- The Washington Times - Thursday, December 25, 2003

In 1989, five teenage boys were arrested for savagely beating and raping a jogger in Central Park, leaving her unconscious and near death. They were convicted and served long prison terms. But last year, they were exonerated after a convicted killer confessed to the crime and DNA evidence backed him up. Recently, three of them filed a federal civil rights lawsuit against law enforcement authorities demanding compensation for what happened to them.

How did the criminal justice system make such a terrible mistake, victimizing these innocents and letting a vicious predator go unpunished? Simple: They confessed.

For a jury, there is no evidence more compelling than a defendant’s declaration he did exactly what he’s accused of doing. In this case, the Manhattan district attorney had videotaped statements from the five suspects, which sealed their fate. But as their exoneration shows, that kind of evidence can’t always be trusted.

It’s obvious that if you want to find a guilty person, you should look for one who has admitted his guilt. But if you want to find an innocent one? Same place. Contrary to what you might expect, we have discovered that many suspects who incriminate themselves are lying through their teeth.

The number of cases where such incidents have led to erroneous convictions is long and growing longer. The Center on Wrongful Convictions at Northwestern University law school says that of 42 erroneous murder convictions documented in Illinois since 1970, 25 — 60 percent — stemmed from false confessions. Nationally, according to the Innocence Project at New York’s Benjamin N. Cardozo law school, such admissions figure in 1 in 4 unjust capital convictions.

Why on Earth would anyone admit to being a rapist or a killer if it weren’t true? All sorts of reasons. One is that police interrogations can be so relentless and exhausting that they drive even an innocent person to despair. Suspects may be tricked by bogus claims they failed polygraph exams and by promises of leniency if they utter the magic words.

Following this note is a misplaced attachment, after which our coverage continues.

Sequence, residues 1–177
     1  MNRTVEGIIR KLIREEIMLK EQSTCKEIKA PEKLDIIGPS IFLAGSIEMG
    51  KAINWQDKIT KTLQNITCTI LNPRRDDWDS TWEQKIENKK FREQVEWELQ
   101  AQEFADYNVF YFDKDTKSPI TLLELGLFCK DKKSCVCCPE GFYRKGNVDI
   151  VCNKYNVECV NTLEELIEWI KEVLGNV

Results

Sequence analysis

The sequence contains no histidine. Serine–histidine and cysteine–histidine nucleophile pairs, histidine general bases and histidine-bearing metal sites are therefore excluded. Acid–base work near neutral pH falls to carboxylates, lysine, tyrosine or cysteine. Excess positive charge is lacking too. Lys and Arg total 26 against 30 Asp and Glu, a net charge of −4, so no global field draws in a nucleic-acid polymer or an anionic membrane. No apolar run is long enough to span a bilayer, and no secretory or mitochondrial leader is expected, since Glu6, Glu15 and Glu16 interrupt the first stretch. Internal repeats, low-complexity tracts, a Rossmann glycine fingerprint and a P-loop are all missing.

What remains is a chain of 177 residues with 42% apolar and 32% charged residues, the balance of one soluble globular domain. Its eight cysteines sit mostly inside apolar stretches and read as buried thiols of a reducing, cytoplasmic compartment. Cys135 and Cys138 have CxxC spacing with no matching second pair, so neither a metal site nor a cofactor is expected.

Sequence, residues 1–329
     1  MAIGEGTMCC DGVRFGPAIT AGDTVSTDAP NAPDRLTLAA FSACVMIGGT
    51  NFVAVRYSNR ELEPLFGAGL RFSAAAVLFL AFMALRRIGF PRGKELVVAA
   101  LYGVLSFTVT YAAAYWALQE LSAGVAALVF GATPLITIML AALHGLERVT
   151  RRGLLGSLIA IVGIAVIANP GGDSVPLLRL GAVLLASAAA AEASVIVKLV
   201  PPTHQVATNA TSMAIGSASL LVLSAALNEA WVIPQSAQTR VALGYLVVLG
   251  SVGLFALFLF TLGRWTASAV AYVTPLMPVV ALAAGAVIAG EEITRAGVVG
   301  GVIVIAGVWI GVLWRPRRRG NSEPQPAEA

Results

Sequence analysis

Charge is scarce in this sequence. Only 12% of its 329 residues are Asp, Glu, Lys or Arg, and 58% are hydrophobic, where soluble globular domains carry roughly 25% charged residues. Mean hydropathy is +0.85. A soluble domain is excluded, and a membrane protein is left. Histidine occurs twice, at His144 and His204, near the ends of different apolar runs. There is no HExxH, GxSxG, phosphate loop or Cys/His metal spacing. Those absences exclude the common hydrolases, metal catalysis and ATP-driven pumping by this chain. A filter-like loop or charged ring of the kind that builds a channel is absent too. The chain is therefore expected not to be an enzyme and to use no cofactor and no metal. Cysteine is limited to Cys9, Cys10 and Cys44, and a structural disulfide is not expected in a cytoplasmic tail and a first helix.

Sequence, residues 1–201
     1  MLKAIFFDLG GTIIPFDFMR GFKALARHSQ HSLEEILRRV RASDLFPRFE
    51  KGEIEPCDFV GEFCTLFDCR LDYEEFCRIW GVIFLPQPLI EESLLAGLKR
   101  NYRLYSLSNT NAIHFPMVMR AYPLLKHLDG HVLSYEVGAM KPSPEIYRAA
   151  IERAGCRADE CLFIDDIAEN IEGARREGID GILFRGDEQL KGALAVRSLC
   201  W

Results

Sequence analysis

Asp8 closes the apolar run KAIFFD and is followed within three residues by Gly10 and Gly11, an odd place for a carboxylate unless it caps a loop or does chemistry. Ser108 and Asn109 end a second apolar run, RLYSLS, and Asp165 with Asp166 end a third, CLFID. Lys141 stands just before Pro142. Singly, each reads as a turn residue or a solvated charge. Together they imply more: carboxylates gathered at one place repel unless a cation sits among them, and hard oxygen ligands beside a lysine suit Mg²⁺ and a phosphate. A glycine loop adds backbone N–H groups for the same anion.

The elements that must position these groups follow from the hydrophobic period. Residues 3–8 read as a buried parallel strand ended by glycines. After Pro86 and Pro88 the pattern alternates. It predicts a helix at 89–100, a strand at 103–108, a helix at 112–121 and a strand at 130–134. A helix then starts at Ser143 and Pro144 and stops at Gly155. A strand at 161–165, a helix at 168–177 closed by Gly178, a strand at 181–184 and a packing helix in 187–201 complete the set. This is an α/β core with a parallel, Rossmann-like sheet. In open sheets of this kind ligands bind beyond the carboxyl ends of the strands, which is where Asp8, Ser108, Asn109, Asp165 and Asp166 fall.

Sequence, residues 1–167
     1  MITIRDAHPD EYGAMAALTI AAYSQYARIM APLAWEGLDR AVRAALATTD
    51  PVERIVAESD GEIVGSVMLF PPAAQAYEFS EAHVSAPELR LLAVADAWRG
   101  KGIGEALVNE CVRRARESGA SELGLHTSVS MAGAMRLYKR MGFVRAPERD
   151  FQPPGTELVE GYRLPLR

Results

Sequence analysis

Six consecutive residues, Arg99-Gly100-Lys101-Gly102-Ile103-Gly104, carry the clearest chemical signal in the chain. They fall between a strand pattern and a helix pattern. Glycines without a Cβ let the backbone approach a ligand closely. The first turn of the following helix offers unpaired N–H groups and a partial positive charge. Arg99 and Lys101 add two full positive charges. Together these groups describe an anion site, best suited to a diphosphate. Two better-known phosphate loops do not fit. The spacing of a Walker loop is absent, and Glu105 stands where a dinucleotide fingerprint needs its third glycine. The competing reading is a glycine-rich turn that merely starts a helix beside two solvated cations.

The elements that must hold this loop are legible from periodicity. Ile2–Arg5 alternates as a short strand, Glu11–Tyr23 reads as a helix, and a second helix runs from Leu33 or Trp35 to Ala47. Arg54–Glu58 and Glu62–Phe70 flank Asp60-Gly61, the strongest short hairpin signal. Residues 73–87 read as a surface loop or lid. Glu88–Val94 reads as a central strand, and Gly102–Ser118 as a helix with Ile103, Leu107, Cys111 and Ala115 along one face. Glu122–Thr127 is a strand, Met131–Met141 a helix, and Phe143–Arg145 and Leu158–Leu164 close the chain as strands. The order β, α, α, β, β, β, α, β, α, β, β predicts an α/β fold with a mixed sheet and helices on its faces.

They may even be physically threatened or abused by the cops — a depressingly familiar phenomenon in Illinois, where several exonerated death row inmates say they were tortured into confessing. The accused may suffer from mental disabilities that keep him from understanding the significance of incriminating statements or make him unusually vulnerable to police manipulation.

There are some obvious remedies. The most promising is videotaping police interrogations, from start to finish, so the jury can see the circumstances that produced the confession. Police would be less prone to overbearing or duplicitous tactics if they knew their conduct would someday be on public view.

Another is to make sure juries get the information they need to understand why confessions can’t always be trusted. In recent years, criminologists have done vast research on this topic, and defense lawyers put them on the stand to explain their findings — like other experts whose specialized knowledge may illuminate a crucial piece of evidence.

But often defendants find this possible salvation unavailable. University of Pittsburgh law professor Welsh White says that in about half the states that have ruled on the issue, judges have barred experts from testifying about false confessions — generally in the belief juries are capable of evaluating whether a confession is credible without any help from fancy-pants academics.

The record of wrongful convictions, however, indicates juries acting on their own instincts can be completely fooled. They often put too much weight on a defendant’s self-incrimination and not enough on the pressures that led to it. That’s why there are so many people sent to prison after confessing to things they didn’t do. Hearing from an expert can overcome that tendency.

As a federal appeals court said in a 1996 decision overturning a conviction because the trial court rejected such testimony, “Even though the jury may have had beliefs about the subject, the question is whether those beliefs were correct. Properly conducted social science research often shows that commonly held beliefs are in error.” Expert testimony “would have let the jury know that a phenomenon known as false confessions exists, how to recognize it, and how to decide whether it fit the facts of the case being tried.”

Juries are regularly allowed to hear confessions from defendants and urged to believe them. Why shouldn’t they be allowed to learn about the grounds for doubt?

Anything that reduces the frequency of wrongful convictions ought to be embraced by prosecutors and police. False confessions aren’t good for them or anyone else — except the guilty.

Steve Chapman is a nationally syndicated columnist.


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